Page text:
The famous party scene of The Nutcracker was in full swing, with dancers between the ages of 6 and 17 whirling around the room in leotards and ballet slippers, cradling their Christmas presents while the well-known music played.
Just then, J.J. Kaiser pulled an imaginary pocket watch out of his blue jeans pocket and registered surprise at the late hour. Soon the revelers, some carrying sleeping children over their shoulders, departed.
When the long, physically taxing scene was over, everyone in the studio of the Ballet Royale Institute of Maryland in Columbia clapped. Then they went right back to rehearsing.
Kaiser, of Columbia, is one of 14 adults with parts in the 100-dancer production, which will be performed Dec. 7 as a benefit for the Howard County Autism Society. A software engineer by day, Kaiser said he enjoys playing the part of ballet dancer by night, partly because dancing is so important to his daughter, Juliana, 10, who will also be in the show.
"Last year, we had a scene together," he said.
In many Nutcracker productions, the adults are the experienced dancers, and the children, dressed in their little mouse costumes, are the ones appearing on stage for the first time. But Ballet Royale, which has been staging Nutcracker productions in Howard County since 1996, reverses the formula. The children are the pros, and their parents are the ones who are new to the stage.
This year's Ballet Royale production of the Nutcracker is different in several ways. For the first time, it is being performed as a benefit, with the money going toward a resource library for the Autism Society. Ballet Royale founder Donna Pidel, who normally directs, is dancing instead, taking on the role of Clara's mother.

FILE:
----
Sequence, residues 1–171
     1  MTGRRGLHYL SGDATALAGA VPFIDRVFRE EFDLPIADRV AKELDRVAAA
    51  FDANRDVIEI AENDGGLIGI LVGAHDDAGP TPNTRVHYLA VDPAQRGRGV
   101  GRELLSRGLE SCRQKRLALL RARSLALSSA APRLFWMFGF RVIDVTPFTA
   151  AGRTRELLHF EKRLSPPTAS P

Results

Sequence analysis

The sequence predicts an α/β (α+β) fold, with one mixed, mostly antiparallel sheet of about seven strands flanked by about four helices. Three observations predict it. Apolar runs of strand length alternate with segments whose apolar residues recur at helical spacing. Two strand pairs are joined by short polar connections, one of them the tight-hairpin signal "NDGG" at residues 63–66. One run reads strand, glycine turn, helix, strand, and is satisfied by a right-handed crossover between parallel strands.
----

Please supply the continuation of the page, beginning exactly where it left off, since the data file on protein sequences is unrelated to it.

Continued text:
Asked why she has chosen to perform instead of direct, Pidel said: "It's such a great cause" and explained that she has a 20-year-old autistic son. Alongside her, instructor Charlie Abel is dancing in the role of Clara's father.
The financial goal of the benefit performance, said Rachel Kennelly, the dance institute's assistant director, is to raise $10,000 through $50 ticket sales, donations and advertisements in the printed program.
"We're well on our way," she said.
Normally, the dance school puts on four Nutcracker performances during the holiday season, but this year, there will be a single show, said Pidel. Dancers from the American Ballet Theatre in New York - Irina Dvorovenko and Maxim Beloserkovsky - will play key roles, as the Sugar Plum Fairy and the Cavalier, respectively.
The young students at Ballet Royale, which Pidel founded in 1994, generally practice five or six days a week, often until 9 p.m. They do their homework at the studio, and seem to eat, drink and breathe ballet.
So when parents get a chance to participate in something that's so much a part of their children's lives, they leap at the opportunity.
Trisha Bell, for example, has signed on to play Mother Ginger - the character with the giant hoop skirt that the kids all crowd inside. "They were recruiting for the part, and I said, `I'll do it,'" said Bell, whose daughter, Miranda, 8, is also performing in the Nutcracker.
Though Miranda, dressed in a blue leotard, her hair in a neat bun, rehearses three times a week, Bell needs to don her heavy costume, made with a metal ring, only once a week for Saturday rehearsals. Other adults have different schedules, based on their scenes.
"For me, it's a dream to be here with my daughter," said Dawn Lucas of Ellicott City, whose 8 1/2 -year-old, Margaux, is in the production. "It's a special experience, and we all get along so well."
Kennelly, who provided some choreography and is the show's stage director, said the adults generally throw their hearts into the roles and do a terrific job. "They're so dedicated," she said. "They don't want to be the ones to stick out. They really want to do well."
The Ballet Royale Institute of Maryland
Production of The Nutcracker Suite
7 p.m.,Dec. 7
Jim Rouse Theatre at Wilde Lake High School, 5460 Trumpeter Road, Columbia
$50 per ticket
Call Ballet Royale at 410-977-8443 for tickets